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County seeks comments on conservation ordinance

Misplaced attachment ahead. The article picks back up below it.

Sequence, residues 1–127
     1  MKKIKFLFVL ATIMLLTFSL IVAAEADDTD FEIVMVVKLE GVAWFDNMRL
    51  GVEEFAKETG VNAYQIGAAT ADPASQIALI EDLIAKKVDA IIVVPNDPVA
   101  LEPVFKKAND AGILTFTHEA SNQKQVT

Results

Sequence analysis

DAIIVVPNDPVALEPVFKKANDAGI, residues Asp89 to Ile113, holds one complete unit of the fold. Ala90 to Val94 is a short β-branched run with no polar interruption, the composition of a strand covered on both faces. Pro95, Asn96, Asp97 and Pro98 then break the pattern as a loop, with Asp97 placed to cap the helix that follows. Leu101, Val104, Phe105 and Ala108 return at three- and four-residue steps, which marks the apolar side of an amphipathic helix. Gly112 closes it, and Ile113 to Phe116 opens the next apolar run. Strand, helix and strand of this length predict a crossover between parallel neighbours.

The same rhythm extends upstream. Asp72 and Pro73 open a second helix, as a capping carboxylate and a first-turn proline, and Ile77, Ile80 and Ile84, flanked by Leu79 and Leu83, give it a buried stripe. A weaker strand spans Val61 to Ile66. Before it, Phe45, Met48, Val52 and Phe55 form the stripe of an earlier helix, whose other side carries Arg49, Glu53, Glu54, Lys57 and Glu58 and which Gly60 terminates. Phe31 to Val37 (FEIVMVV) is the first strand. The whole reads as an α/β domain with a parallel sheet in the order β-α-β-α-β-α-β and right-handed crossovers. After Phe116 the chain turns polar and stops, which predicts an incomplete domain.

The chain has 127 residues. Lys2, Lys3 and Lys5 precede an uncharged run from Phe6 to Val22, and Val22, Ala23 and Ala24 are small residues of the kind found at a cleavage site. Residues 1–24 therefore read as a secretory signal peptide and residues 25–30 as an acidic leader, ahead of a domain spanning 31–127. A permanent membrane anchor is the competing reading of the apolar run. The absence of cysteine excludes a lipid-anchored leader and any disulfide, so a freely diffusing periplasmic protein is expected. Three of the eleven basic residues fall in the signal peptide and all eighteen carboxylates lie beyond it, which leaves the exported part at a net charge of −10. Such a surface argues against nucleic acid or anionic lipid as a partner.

The conservation development ordinance, on its 15th draft, will make its way back to Travis County Commissioners Court on Dec. 5, giving stakeholders a chance to comment on both the ordinance and its accompanying manual before final approval is given.On Tuesday, Joe Gieselman and John Kuhl of the Transportation and Natural Resources Department walked through the basics of the conservation development manual, which will be reviewed with stakeholder groups over the next couple of weeks. Kuhl noted that the current draft is 50 pages long but will likely be “slimmed down” as language is refined. The aim of the ordinance is to view environmental features in the same light, and with the same procedures, as other features, Kuhl said. An agricultural feature adds value and provides an exemption to a landowner. The intention is to develop the mindset that canyon rimrocks or native prairie also are a land feature that should, and could, be protected through a management plan. In that light, many of the forms and procedures will be similar for both types of features. The manual will provide guidance and case studies once the first couple of conservation contracts are signed, Kuhl said. Guidelines such as dark sky lighting, water conservation measures and landscaping requirements are defined. Less clear is the concept of the preferred commercialization areas, which would be the areas of the county where commercial development is encouraged. Those guidelines may be more obvious for the southwest than the northeast, so a placeholder has been put in the manual while the county seeks more input on specifics for the manual. Commissioner Gerald Daugherty raised the issue of incentives. Suggested payments are a one-time $1,500 per acre, followed by $250 per acre per year. Assistant County Attorney Tom Nuckols noted that the county could choose to give, or not give, incentives. Commissioner Karen Sonleitner, who is stepping down on Jan. 1, would like a vote on the ordinance before year’s end, so a proposed hearing on the ordinance was rolled forward one week, to Dec. 5. That would give commissioners two meetings before the end of the year to take a vote. ©2006 In Fact News, Inc. All rights reserved. Save Barton Creek Association chooses new officers . . . Former Mayor Pro Tem Jackie Goodman has been elected president of the Save Barton Creek Association and Jon Beall will serve as vice-president . . . Wildlife Habitat . . . Waste Management has received habitat certification from the Wildlife Habitat Council (WHC) for its contribution to wildlife habitat conservation for the new Wildlife Habitat Park built at its Austin Community Landfill in northeast Travis County. The Austin Landfill was among nine Waste Management sites certified for habitat by WHC, which recognized Waste Management for having more certified habitat programs in 2006 than any other company in North America, according to the company. WHC presented the award to Waste Management last week at WHC's 18th Annual Symposium in Baltimore, Md. In addition to Austin, three other U.S. landfills received WHC habitat certification this year: Springhill in Florida, Pine Grove in Pennsylvania and High Acres in New York. The Austin Community Landfill, located at US 290 East and Giles Road, developed a Wildlife Habitat Park off Springdale Road to improve the wildlife habitat on the landfill's property and to create a park. The 30-acre park includes a 2.1 mile trail that passes through a Texas wildflower meadow and prairie habitat. Neighbors, wildlife and agricultural experts, and Waste Management employees served on the Wildlife Habitat Team, which recommended steps to increase the diversity of the bird, bat, butterfly and insect populations in the area. For more information, visit WHC online at www.wildlifehc.org. . . . Looking ahead . . . Austin State Senator Gonzalo Barrientos is retiring at the end of December after thirty-one years of public service. Some of his friends are holding an appreciation event for the him and his supporters on Friday, December 15, 2006 at the Palmer Events Center from 5:30 to 11:30 p.m.
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